Juliopolis Ancient City
To the center:39,5 km
Juliopolis Ancient City is located approximately 122 km northwest of Ankara, in the Çayırhan district of Nallıhan, at the Gülşehri Mevkii near the Skopas River (Aladağ Creek), which used to flow through the old village of Sarılar. It is known that the ancient city was submerged under the waters of the Sarıyar Dam Lake, which was built in the 1950s in this village. Some remnants of the city can still be partially seen on the northeastern shores of the reservoir. The necropolis of the city is located on the limestone cliffs on the northern coast of the reservoir, divided by the Aladağ Creek.
Except for a salvage excavation carried out by the Museum of Anatolian Civilizations in 1991, no previous work has been done in the Juliopolis Necropolis, which has been heavily damaged due to illegal excavations until 2009. In order to prevent this destruction and protect the area while shedding light on its history, excavations in the Juliopolis Necropolis have been conducted since 2009 by a team of museum archaeologists led by Melih Arslan, the Director of the Museum of Anatolian Civilizations. As a result of the archaeological excavations carried out in the necropolis since 2009, a total of 434 tombs have been unearthed. These tombs consist of 70 chambered rock-cut tombs, 7 broken-roofed coffin tombs, 263 coffin-shaped rock-cut tombs, 84 simple earthen graves, 7 sarcophagus tombs, 1 urn tomb, and 2 unfinished tombs.
Out of the total of 434 excavated tombs, 37 were damaged by ancient looters, and 34 were damaged by modern-day smugglers. 363 tombs were identified and excavated by our team. In addition to the tombs detected through the geomagnetic survey method in the necropolis, work has also been carried out in the tombs damaged by illegal excavations. Moreover, numerous artifacts that were not seen by the looters, sometimes intact and sometimes in fragments, have been recovered from these tombs, enabling the identification of their types and determination of their periods. Furthermore, the clues obtained from both ancient and modern looting have helped determine when the tombs were looted. Thanks to the scientific salvage excavations we initiated, the illicit excavations in the necropolis have been prevented, and Juliopolis Ancient City’s Necropolis has been introduced to the public through a series of conferences and publications, thus enhancing its tourism potential.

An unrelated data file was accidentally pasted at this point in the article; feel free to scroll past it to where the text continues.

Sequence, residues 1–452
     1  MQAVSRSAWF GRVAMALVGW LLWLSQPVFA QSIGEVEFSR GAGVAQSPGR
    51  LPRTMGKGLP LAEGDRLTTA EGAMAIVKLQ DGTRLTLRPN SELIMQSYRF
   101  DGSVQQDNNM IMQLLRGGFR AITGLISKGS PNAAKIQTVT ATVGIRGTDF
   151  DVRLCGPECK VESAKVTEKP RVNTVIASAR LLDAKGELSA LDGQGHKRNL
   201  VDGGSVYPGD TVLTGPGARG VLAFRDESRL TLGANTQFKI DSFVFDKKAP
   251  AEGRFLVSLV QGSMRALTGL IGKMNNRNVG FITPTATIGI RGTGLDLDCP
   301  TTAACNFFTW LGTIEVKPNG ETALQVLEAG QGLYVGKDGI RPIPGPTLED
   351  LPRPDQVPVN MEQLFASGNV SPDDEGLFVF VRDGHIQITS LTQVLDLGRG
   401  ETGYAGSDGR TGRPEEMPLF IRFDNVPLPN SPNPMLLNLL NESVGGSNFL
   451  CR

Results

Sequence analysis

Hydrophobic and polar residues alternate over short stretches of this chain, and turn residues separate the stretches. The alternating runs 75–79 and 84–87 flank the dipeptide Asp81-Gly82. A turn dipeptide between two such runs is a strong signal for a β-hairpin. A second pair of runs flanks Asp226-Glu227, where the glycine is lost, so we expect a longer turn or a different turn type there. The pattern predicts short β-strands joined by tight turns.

Thanks to the large number of coins minted in the Juliopolis mint, which were found during the excavations in the necropolis since 2009, it is now certain that this area is the necropolis of the city of Juliopolis. Juliopolis is the eastern border city of Bithynia, located on the border between the ancient regions of Bithynia and Galatia. While Juliopolis was initially a village inhabited since the Phrygian period, it was named Gordioukome (Gordios’ village) after Gordios, the founding king of the Phrygians. If this assumption is correct, the existence of Gordiokome Village can be traced back to the 8th century BCE. The city continued its existence as a small town during the Hellenistic period. Strabo mentions in his work “Geography” that the town was expanded into a city by Kleon, a powerful bandit leader named Kleon, who lived in a fortified castle (Kallydion) in the Olympos Mountains during the 1st century BCE. Kleon initially allied